Rocket Internet prepares for profit from start-ups by year-end

BERLIN (Reuters) - Rocket Internet RKET.DE said three of its leading start-ups were on track to make a profit by the end of the year as the German e-commerce investor reported lower quarterly losses.

FILE PHOTO: Oliver Samwer, CEO of Rocket Internet, attends the Annual General Meeting of Rocket Internet SE in Berlin, Germany, June 9, 2016. REUTERS/Axel Schmidt

Founded in Berlin in 2007, Rocket has built up and invested in dozens of businesses from fashion e-commerce to food delivery, including brands such as Delivery Hero and Global Fashion Group.

Rocket’s Chief Executive Oliver Samwer did not name the start-ups during a media call on Wednesday following results from the group’s leading holdings. Rocket said it remained well funded with 1.5 billion euros ($1.68 billion)of cash.

And Samwer declined to comment on possible flotations after Reuters reported that online food takeaway firm Delivery Hero is set to float before the summer break, while meal kit company HelloFresh could follow in the autumn.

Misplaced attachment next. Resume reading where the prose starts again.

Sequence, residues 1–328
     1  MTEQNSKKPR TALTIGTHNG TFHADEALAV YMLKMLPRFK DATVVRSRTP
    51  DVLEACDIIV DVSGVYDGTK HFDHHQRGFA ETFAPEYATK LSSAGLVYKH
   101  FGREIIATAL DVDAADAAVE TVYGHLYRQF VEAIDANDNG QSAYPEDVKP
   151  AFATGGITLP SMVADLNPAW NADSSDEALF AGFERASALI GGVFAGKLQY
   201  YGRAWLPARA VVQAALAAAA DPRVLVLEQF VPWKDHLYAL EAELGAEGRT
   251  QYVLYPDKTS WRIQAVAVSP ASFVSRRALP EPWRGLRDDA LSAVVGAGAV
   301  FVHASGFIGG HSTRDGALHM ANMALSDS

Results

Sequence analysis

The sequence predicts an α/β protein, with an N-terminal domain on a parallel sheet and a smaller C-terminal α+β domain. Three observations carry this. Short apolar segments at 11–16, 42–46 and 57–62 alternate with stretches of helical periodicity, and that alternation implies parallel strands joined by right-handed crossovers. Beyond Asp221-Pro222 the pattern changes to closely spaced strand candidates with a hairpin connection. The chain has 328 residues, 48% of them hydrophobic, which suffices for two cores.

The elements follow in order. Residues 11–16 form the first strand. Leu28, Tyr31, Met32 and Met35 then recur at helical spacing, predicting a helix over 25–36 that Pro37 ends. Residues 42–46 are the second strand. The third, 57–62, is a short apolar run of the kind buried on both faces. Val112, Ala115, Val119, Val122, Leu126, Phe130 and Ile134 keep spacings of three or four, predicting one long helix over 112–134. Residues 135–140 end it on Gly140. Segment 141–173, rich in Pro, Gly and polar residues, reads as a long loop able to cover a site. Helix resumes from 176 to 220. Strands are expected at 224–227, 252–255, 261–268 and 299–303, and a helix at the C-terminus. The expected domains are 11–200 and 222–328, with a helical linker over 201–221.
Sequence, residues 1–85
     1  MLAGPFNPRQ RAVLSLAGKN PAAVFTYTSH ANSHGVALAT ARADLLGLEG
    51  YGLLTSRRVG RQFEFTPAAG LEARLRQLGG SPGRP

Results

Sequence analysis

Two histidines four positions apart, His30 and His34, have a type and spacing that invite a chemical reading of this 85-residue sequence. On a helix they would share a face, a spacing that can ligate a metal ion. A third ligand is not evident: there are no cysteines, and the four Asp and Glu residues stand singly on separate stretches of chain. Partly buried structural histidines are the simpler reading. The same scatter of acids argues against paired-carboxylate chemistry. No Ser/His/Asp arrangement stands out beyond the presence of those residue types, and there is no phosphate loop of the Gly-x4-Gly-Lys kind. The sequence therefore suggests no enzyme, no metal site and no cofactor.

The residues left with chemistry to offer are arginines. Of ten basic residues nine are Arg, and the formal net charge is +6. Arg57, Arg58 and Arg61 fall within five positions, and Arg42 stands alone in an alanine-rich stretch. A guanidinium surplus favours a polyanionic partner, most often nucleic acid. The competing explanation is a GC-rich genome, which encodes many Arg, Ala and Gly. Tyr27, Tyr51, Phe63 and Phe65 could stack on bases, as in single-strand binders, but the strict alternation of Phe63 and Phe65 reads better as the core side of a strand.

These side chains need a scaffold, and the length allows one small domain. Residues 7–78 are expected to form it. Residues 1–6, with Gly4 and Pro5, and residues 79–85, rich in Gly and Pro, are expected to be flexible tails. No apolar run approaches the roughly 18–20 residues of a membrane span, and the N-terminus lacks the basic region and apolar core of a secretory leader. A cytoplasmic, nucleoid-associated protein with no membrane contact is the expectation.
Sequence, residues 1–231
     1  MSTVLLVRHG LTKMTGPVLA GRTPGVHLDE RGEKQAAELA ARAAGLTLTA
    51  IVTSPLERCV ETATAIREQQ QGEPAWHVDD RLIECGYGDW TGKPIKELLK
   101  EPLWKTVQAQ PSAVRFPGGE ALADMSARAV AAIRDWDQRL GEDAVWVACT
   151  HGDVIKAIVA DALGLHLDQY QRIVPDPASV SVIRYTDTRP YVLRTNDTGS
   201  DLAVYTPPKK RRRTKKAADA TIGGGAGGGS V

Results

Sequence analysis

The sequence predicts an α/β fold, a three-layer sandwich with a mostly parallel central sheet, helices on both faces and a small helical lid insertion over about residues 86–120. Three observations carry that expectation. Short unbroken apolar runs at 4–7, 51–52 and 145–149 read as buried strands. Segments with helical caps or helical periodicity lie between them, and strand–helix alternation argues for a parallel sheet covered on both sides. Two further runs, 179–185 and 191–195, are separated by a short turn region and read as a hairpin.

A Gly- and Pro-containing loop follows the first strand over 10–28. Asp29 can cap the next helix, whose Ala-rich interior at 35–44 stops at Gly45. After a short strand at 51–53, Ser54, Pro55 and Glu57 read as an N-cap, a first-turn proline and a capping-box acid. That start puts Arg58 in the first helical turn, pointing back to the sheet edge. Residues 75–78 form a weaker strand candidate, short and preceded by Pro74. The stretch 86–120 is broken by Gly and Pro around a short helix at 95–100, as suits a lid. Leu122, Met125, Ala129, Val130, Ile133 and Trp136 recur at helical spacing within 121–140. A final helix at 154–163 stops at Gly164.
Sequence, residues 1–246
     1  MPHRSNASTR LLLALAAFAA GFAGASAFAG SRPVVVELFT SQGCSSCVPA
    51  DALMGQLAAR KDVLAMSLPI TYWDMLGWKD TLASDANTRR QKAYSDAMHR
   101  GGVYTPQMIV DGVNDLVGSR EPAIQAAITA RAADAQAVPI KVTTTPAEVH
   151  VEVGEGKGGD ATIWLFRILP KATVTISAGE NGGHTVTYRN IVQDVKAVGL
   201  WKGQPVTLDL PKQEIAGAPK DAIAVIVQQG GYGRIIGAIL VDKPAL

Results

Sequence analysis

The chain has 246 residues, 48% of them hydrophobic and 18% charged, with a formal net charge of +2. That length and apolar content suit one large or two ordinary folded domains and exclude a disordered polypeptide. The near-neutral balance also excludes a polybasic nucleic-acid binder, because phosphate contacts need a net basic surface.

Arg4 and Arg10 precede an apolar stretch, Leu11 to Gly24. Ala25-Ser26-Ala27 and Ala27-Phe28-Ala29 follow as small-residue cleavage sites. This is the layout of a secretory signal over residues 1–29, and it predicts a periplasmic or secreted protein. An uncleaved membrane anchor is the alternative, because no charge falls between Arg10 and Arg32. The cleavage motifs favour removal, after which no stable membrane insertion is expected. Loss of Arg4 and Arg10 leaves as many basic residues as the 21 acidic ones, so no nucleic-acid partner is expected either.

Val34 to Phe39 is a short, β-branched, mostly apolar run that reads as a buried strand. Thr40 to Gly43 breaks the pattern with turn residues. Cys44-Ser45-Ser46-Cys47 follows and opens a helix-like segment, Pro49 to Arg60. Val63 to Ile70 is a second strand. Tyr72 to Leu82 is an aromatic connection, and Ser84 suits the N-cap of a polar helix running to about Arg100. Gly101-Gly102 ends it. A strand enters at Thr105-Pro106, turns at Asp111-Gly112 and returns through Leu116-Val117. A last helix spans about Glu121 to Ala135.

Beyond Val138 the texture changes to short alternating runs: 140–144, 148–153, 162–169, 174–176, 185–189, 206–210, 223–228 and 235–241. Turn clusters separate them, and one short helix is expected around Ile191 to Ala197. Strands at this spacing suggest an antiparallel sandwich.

Rocket’s share price has tumbled in the last year as losses mounted and it was forced to slash valuations for key start-ups.

However, the stock has recovered some ground in recent weeks on hopes for imminent listings as well as news that Emaar Malls EMAA.DU will buy a 51 percent stake in its Middle East fashion site Namshi. The shares were down 4 percent at 0821 GMT.

Aggregate revenue rose 28 percent to 617 million euros ($689.44 million) in the first quarter, while the adjusted loss before interest, taxation, depreciation and amortization was 100 million euros, down from 120 million a year ago.

HelloFresh saw sales growth slow to 45 percent from the 96 percent rate it recorded in 2016, while its adjusted EBITDA loss rose slightly to 29.6 million euros from 27.3 million.

Meanwhile, Rocket’s furniture websites, Westwing and Home24, both narrowed losses, with adjusted EBITDA losses of 3.6 million and 7.4 million, respectively.

The Jumia e-commerce business in Africa saw sales continue to fall due to currencies tumbling in Nigeria and Egypt, but its gross merchandise value - which measures the value of goods traded on its sites - rose by a third in constant currencies.

Reporting by Emma Thomasson; Editing by Edward Taylor and Alexander Smith